Hiking Kungsleden

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Back in July 2017,  I spent a couple weeks hiking Kungsleden, a 270-mile trail in northern Sweden. I started at Hemavan and walked ~215ish miles north up to Saltoluokta, with time constraints keeping me away from the last chunk.

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Researching the trail was a bit challenging. While there was a lot of content on general trekking approaches, I didn’t find a lot oriented toward the more ultralight/lightweight approach I prefer. There wasn’t a ton of information in English, either. And because I do almost all of my hiking in the southern U.S., it was a little difficult to translate my own experience into what I would need to have a good time in a far different environment. So here I’ll jot down the gear and resources I used, in hopes it will help the next person along. (I meant to write this sooner, but… 🤷‍♂️).

Timing and Conditions

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I hiked from July 3 to 17. It was a higher snow year (I am told), and my start date was a few weeks earlier than peak season begins. When I began there was still snow lingering on many portions of the trail. Snow crossings happened on most days, but none of it was particularly difficult. It was rare to see patches longer than 100 meters or so, none of it was very steeply sloped, and I had only a bit of post-holing here and there. There was quite a lot of water on the trail – creek crossings, snowmelt, boggy sections, etc., so keeping feet dry was just about impossible.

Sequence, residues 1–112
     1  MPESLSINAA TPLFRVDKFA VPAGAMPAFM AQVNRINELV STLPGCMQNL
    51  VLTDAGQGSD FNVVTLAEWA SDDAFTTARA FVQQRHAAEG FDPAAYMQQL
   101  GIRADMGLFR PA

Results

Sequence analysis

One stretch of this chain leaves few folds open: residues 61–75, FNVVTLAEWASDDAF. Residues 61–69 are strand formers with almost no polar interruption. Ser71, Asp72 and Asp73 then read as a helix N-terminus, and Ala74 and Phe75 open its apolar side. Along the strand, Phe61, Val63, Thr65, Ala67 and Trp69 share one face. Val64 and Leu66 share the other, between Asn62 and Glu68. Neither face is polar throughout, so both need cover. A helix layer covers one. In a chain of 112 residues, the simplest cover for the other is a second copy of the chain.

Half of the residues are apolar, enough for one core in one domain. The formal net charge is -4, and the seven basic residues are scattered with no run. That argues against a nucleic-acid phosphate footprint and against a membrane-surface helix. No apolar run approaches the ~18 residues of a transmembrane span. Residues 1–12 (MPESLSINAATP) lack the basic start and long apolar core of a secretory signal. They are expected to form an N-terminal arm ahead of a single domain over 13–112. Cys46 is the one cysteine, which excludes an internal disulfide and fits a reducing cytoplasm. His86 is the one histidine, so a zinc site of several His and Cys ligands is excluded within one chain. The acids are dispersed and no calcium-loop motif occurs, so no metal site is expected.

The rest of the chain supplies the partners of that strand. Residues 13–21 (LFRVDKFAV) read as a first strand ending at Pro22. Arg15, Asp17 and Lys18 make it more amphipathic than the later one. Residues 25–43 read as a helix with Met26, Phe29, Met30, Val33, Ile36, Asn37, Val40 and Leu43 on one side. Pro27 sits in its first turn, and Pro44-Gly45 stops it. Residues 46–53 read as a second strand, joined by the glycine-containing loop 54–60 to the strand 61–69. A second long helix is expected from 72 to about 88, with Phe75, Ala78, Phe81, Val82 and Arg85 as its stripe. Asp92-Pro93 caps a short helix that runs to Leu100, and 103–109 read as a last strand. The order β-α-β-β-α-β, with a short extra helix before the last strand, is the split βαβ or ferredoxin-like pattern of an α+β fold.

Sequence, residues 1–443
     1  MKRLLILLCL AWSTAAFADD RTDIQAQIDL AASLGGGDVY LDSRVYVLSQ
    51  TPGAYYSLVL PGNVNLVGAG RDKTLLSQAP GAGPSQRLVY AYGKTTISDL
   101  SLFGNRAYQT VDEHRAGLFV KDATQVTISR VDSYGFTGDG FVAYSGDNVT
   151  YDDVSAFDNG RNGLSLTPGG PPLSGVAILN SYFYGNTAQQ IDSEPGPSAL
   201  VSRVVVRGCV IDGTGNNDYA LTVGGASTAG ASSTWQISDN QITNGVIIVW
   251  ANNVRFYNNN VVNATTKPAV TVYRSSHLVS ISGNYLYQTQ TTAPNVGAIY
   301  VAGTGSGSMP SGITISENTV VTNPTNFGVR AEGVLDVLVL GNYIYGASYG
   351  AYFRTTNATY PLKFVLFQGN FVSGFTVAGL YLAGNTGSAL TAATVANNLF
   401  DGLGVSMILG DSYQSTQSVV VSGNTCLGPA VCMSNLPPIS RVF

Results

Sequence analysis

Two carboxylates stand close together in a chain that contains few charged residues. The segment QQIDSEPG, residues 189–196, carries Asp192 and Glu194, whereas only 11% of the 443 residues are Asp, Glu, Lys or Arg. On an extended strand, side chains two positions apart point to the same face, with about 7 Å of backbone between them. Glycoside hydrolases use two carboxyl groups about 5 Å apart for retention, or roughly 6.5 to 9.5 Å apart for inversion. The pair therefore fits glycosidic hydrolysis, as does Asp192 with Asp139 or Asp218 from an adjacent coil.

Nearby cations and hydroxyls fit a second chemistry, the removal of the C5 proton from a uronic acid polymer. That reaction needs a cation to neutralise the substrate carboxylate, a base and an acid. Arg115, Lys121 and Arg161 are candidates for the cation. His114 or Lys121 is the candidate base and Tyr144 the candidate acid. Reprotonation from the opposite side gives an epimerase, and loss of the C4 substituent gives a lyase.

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Temperatures ranged from high 30s on the coldest mornings, in the 40s and 50s on most days, with sunnier ones briefly in the upper 70s or low 80s. I was lucky to only have heavy rain on a couple of days. Those were pretty miserable, and just about perfect for hypothermia. Just about every day had some strong winds at some point. Walking from the south to the north kept the prevailing winds at my back, and I’d highly recommend a northbound hike for just that reason.

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The hut system is very nice, and I took advantage of it here and there.. Most have bunks, gas stoves, etc.. The best part is many have little shops with enough food to buy for the next few days. There isn’t a ton of variety, but if you’re hiking at a fair pace, you don’t really need to carry more than 2-3 days of food and a few bites to fill in the cracks.